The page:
Looking back at Dr. Volkow’s presentation focused on opiates and heroine, she notes that medications including hydrocodone and oxycodone “have escalated from around 76 million in 1991 to nearly 207 million in 2013.” Further, she establishes that this country of ours is “their biggest consumer globally, accounting for almost 100 percent of the world total for hydrocodone and 81 percent for oxycodone”. What are other developed countries prescribing for pain? Are they facing similar trends in abuse of prescription drugs or heroine abuse? I could probably publish a book on answering these questions – but this moment doesn’t offer me the time for that.

Greater Social Acceptability

I remember a friend of mine once telling me that she had gotten a prescription pill from a friend of hers to stay awake at work after staying out until sunrise on a work night. I omit the name of the person to protect them, and I will touch on why I didn’t simply name the pill itself in a minute. My perception instantly changed of this person; from that day on I would always wonder if she simply took another pill as a means of getting through the next day. Would she eventually develop a dependence on this substance as a means of managing the hectic lifestyle she was leading? Would she wind up needing downers to counteract the uppers? I became visibly and verbally frustrated, and if I remember correctly it caused tension such that we didn’t speak for a while. I was highly disappointed, worried, and frustrated. None of her other friends seemed to blink at the idea.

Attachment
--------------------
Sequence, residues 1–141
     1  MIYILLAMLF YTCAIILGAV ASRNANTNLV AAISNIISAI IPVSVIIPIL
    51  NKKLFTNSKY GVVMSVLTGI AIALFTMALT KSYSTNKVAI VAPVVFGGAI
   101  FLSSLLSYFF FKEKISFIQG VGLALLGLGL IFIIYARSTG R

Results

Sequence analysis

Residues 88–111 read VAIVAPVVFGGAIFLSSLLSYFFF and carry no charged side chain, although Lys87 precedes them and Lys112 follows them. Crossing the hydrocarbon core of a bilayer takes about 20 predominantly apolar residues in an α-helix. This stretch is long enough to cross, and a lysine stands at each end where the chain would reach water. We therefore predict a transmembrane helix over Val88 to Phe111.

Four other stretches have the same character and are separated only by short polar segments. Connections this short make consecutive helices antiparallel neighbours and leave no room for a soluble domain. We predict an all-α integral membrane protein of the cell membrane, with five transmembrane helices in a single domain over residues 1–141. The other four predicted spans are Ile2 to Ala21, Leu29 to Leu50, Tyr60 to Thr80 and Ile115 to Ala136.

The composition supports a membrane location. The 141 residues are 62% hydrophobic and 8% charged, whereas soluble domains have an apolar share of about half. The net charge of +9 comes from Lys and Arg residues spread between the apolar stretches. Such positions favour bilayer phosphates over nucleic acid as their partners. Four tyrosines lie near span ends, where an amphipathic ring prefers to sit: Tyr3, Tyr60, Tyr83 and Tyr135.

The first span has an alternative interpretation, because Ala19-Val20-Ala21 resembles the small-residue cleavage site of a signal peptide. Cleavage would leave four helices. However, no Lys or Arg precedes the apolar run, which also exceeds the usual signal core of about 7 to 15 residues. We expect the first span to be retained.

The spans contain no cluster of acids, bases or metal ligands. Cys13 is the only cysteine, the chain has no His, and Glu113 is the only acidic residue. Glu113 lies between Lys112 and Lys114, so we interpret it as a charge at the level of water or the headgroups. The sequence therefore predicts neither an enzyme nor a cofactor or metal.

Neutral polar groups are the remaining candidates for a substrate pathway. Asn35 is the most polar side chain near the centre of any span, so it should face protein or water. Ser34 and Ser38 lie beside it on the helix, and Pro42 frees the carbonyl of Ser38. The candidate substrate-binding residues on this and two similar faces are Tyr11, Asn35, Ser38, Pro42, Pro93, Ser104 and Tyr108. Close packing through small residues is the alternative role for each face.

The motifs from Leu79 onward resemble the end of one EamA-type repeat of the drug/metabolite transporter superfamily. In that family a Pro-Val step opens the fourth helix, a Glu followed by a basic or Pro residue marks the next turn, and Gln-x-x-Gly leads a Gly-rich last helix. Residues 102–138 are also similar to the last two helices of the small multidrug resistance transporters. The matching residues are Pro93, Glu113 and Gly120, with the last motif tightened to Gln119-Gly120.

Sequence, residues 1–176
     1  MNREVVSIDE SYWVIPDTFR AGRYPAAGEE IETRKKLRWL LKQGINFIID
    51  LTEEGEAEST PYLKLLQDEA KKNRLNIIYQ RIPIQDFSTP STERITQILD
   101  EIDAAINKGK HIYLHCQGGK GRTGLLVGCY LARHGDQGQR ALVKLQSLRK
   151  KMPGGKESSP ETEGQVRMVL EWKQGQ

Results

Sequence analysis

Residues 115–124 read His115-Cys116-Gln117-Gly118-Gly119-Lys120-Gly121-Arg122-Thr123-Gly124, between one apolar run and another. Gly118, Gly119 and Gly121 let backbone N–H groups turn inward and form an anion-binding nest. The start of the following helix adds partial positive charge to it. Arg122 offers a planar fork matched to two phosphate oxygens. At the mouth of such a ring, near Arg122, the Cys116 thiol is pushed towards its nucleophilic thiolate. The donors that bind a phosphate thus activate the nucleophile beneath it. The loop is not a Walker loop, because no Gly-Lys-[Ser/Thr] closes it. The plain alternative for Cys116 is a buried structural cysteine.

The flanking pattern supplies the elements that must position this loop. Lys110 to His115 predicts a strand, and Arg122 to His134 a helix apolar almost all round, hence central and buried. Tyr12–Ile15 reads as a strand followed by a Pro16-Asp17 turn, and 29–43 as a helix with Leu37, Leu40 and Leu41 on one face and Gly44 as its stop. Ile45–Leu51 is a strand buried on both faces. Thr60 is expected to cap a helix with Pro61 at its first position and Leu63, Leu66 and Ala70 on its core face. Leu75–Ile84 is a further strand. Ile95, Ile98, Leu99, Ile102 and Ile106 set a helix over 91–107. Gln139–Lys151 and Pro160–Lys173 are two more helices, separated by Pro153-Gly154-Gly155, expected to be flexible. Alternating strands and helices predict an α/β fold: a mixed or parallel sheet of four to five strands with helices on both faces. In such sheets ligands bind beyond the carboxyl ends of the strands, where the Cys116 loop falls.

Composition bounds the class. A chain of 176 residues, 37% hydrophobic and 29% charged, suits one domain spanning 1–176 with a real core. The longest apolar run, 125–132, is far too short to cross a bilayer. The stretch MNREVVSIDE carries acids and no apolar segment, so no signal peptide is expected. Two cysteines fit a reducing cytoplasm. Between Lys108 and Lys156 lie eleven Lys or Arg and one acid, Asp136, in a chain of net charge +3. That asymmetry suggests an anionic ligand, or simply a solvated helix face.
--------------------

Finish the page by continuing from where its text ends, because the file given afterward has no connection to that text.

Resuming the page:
An acquaintance of mine once admitted to me that she traded some of her prescription drugs with someone in exchange for marijuana, because the marijuana was what actually worked but the doctors prescribed a daily dose of medication which she figured would work well to barter for her drug of choice. I don’t have much of an opinion on marijuana. In my 27 years of life, I have literally never smoked or inhaled it, though I have been exposed to my fair share of people who do. But we were at dinner with another friend when this discussion began, and our friend didn’t blink either.